I’m one of the rare people who has split his career (and moved back and forth) between the web and gaming industries. Having that experience has given me a different perspective, especially on how games are made.
The smartest people I have ever worked with in my career have been in the games. Despite that, game development seems in the dark ages compared to web development.
My last project in gaming, RIFT, took five years to build, and more than $50mm in investment. It did well – but what if it didn’t? What if, right before launch, a different product came out that made ours obsolete? What if we launched and people seriously just did not care?
To stem this risk, the web / mobile app industry gets *something* out as fast as possible and tries to learn if anyone cares about the product. Because that risk is even sometimes too high, ‘Fake Doors’ were invented – just put up a website for a product that doesn’t even exist, and see if people take an action (like clicking a button) that would show interest.
The only game I can think of that launched early was Minecraft. And hey, it did ok.
Once you get your product out there, either in 5 years or 5 months, you are flying blind unless you know what your users are doing. Aside from Zynga, I don’t know of a large gaming company that is hard-core into understanding how the product is used at the finest level on a moment to moment basis.
In Squawk, and just about every other web and mobile app product, we track *everything *. We are a small team and yet have custom nightly reports as well as have integrated many third party SDKs like Flurry, MixPanel, KISSMetrics, etc.. Even more importantly, this metric data tells us what to do next.
Also, I have never, ever, seen an A/B test written or implemented in the gaming industry.
On RIFT, we made a new build each day. On a different gaming project that I was consulting on, they got a new build … once a week. And that was somehow ok. In the web space, a build is continuously created and deployed as fast as possible, often thousands of times in a month. There are often more steps and asset crunching in the build process for games, I get that. But often there isn’t the attitude that it needs to be faster, whereas it is obsessed over in the web space.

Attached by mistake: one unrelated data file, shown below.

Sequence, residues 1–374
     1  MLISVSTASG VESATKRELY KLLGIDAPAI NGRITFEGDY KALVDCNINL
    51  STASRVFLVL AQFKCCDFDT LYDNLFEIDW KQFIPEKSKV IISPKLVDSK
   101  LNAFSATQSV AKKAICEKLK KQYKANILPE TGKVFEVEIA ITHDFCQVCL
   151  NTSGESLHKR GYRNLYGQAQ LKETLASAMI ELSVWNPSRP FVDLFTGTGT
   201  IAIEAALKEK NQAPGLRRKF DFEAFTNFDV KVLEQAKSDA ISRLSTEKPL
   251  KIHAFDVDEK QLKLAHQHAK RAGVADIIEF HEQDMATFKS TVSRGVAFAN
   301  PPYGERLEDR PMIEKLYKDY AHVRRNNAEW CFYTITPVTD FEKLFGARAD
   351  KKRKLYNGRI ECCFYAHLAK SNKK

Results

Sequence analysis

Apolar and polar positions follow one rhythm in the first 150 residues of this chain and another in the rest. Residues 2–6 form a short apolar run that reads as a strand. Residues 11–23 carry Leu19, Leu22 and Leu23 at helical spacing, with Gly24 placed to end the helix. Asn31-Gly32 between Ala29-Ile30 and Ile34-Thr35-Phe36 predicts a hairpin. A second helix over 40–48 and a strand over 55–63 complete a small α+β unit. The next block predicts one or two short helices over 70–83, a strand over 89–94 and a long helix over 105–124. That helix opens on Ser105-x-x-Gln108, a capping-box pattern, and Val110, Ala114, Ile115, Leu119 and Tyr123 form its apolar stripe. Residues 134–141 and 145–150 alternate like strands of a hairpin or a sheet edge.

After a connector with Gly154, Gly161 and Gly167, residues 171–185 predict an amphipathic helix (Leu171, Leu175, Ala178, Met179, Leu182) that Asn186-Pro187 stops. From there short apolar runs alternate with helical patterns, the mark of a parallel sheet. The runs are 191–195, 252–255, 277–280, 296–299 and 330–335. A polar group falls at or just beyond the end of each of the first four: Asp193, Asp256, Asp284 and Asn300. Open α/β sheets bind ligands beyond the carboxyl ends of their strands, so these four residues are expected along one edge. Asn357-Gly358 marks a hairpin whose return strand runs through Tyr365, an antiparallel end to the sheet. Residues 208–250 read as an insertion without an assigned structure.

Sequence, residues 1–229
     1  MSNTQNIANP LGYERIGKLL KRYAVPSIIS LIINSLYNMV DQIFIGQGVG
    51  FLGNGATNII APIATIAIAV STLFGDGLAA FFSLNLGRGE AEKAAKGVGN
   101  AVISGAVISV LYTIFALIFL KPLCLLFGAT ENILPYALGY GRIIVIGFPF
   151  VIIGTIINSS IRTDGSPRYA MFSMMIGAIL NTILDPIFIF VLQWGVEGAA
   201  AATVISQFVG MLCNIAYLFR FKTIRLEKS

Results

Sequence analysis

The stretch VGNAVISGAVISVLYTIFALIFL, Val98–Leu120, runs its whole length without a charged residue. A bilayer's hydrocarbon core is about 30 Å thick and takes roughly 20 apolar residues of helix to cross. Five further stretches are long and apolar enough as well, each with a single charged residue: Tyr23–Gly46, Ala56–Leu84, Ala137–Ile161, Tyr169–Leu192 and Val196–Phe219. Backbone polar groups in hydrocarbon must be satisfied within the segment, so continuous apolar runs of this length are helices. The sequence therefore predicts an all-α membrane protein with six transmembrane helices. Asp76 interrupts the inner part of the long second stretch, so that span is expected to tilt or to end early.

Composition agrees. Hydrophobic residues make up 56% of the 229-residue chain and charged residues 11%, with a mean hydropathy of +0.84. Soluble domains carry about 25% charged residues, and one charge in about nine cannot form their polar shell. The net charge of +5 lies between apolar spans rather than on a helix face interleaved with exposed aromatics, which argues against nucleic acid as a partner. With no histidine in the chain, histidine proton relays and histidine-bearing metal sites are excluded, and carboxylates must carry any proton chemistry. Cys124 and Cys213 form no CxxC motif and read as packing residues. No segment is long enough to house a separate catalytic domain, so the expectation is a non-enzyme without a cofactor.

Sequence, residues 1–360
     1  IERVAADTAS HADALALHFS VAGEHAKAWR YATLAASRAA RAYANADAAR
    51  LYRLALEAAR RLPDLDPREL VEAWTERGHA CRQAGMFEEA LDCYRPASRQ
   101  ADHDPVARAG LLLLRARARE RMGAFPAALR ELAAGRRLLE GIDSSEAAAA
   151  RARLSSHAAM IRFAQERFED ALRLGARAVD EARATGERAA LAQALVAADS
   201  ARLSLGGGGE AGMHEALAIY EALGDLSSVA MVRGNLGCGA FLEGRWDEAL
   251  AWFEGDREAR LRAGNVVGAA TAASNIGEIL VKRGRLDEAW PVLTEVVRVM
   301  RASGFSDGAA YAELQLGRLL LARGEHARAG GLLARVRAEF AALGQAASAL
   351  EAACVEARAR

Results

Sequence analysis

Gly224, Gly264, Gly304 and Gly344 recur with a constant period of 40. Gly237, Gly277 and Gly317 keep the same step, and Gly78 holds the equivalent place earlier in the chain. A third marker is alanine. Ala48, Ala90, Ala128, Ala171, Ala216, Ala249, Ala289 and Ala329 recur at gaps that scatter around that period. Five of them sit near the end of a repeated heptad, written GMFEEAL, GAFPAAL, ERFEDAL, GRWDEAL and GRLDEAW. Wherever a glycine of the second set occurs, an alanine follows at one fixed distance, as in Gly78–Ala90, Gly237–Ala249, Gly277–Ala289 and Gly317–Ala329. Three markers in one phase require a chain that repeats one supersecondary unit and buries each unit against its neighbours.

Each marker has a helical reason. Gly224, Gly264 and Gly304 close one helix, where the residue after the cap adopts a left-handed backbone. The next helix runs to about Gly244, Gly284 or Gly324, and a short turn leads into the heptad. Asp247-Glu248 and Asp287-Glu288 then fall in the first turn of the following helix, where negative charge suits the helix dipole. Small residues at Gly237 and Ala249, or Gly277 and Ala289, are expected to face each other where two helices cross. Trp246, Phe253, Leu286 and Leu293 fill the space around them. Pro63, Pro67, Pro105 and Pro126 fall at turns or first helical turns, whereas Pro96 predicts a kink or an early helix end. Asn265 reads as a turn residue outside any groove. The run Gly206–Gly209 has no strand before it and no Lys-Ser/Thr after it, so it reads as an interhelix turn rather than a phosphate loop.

Seemingly every system in the gaming industry is written from scratch (Unity is bucking that trend), whereas a web project is more a big tapestry of open source works from other authors. Why is that?
A correlated observation: others’ code in the web space is free, and in games it’s not. Is it because a useful, shareable component in the gaming space is necessarily large and complex, and therefore takes so much of one’s time that you’d need to charge for it?
Did you ever notice that web companies don’t have QA people? For RIFT, we had around 20. That’s because in the web space people write tests for everything possible. There could be tens of thousands of tests in a mature product, run every time you compiled, checked in, or deployed. We basically had none. And these are the smartest people I’ve ever worked with. And look, it was in my control to push this. Instead, we had a great QA team.
Especially because games are so complex, you’d think we would have tests.
I have never seen a more stark contrast between the two industries than when it comes to people. The gaming industry is notorious for ass-in-chair management, and ‘crunching’. As in:
We had to work 60 hour weeks for three straight months to make our ship date. We were told we needed to have X all done, which really wasn’t reasonable. And then they added more stuff. And then after all of that … launch was delayed. We got a few days off to ‘recharge’, and then started crunching again.
Do employees at Facebook, Yahoo, Google, and Apple do that? What about at all hot, A or B round funded start-ups? Something tells me no. I can’t think of a gaming company that wants to build a great culture – yet Mark Zuckerberg obsesses about it all the time.
Why oh why oh why????